Uganda following the elections
Uganda’s incumbent Yoweri Museveni was declared the winner of the 2021 presidential elections on Saturday. Officially, he won 58.6% of the votes, securing his sixth term in office. The leader’s party, the National Resistance Movement also retained a majority in parliament. However, Bobi Wine, who came second with 34.8% of the votes and whose National Unity Platform (NUP) is now the strongest opposition party in parliament, spoke of widespread electoral fraud. In the meantime, the NUP has filed a complaint against the official result with the country’s Supreme Court. The International community has reacted to the government with heavy criticism, particularly to the treatment of Wine, whose house was surrounded by police and military following the election and who has been under house arrest since Saturday. The European Union called on Museveni’s government to immediately lift Wine’s house arrest and to launch an investigation into security forces who assaulted voters. US Ambassador Brown’s attempt to get into Wines’ house was stopped by the security forces present on Monday, earning her accusations from the Ugandan side that the US was trying to undermine the outcome of the election. Wine’s lawyer was also unable to get through to him. Meanwhile, Bobi Wine has filed a complaint with the United Nations against his house arrest. He called on the international community to scrutinise the conduct of the election, to work for the release of political prisoners and to initiate sanctions against President Museveni. The presence of military and security forces remains high in large parts of the country, even a week after the election.
Nationwide protests erupt in Tunisia
Beginning over the weekend, thousands of protesters have taken to the streets in Tunisia demonstrating against the government, despite a curfew. Numerous cities in the North African country have been affected by protests and riots. Local media reports state that there have been several nights in a row of clashes with the police. According to official figures, more than 600 people were arrested, most of them between 15 and 25 years of age. Human rights organisations now estimate more than 1000 arrests. According to the Ministry of Home Affairs, groups of young people set fire to tyres and rubbish bins and threw stones at police officers. In response to the unrest, the army has been deployed to support the police and protect government buildings. The reasons for the increasing unrest and protests are manifold. A week ago was the tenth anniversary of the Tunisian revolution and the fall of the autocratic president Ben Ali. Following this however, the much-expected political reforms in the post-Arab Spring era could not be implemented. Instead, the country, which is one of the six reform partners in the framework of the Marshall Plan with Africa, is suffering from a deep economic crisis and is on the verge of bankruptcy. The majority of the protesters complain mainly about the lack of public services in the country. Additionally, youth unemployment is reported to be at 30%, which has been further exacerbated by the Corona pandemic. On social media, various parties are calling for a protest on Saturday against the violent police action.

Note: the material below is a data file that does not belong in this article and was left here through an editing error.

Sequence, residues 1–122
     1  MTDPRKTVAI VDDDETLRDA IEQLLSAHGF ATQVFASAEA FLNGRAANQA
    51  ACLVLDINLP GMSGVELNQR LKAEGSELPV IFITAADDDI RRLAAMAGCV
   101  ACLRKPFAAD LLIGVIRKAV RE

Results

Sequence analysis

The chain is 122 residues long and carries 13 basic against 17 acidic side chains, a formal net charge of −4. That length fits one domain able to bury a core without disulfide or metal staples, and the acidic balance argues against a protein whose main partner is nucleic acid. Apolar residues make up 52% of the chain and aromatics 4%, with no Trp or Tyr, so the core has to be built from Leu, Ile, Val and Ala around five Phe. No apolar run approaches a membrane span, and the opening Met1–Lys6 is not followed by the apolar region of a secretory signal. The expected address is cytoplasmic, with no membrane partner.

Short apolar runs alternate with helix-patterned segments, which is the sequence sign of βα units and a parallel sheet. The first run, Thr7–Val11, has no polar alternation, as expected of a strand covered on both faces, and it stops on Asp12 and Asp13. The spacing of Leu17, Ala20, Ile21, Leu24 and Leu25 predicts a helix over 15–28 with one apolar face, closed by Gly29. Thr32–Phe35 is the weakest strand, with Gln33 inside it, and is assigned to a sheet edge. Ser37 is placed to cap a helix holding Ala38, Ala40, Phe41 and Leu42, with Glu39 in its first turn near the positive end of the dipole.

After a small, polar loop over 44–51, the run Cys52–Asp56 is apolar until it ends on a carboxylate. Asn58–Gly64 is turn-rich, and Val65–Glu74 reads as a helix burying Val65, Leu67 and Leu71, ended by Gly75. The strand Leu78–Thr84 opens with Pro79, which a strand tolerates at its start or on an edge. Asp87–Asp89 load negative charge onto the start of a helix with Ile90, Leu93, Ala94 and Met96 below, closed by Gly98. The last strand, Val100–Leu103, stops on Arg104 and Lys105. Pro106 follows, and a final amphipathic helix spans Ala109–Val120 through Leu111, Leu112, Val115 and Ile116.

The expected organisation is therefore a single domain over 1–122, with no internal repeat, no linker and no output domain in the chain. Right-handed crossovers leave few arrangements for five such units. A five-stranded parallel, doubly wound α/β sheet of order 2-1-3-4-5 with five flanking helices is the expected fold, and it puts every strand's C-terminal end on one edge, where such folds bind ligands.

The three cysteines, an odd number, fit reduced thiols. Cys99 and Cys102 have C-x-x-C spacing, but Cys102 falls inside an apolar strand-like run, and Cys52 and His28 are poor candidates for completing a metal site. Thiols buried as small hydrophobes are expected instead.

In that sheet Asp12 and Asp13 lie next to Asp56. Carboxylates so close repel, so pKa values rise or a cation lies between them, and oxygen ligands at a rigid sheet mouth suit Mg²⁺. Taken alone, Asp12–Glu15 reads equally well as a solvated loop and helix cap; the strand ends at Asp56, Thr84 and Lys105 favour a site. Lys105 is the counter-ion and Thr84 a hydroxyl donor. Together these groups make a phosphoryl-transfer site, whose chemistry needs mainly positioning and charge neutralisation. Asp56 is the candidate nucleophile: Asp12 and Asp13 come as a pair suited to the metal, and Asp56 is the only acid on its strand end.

In other news
African countries have a long tradition of oral storytelling. African Echoes, an audio book app developed by a Ghanaian tech entrepreneur, aims to keep this tradition alive by allowing African storytellers to record and submit their stories using voice notes. These are evaluated by the company and then recorded in different languages in the studio. To reach rural areas, the stories can be shared via Bluetooth with people who do not have internet access. The app aims to raise awareness of African stories both on the continent and beyond it.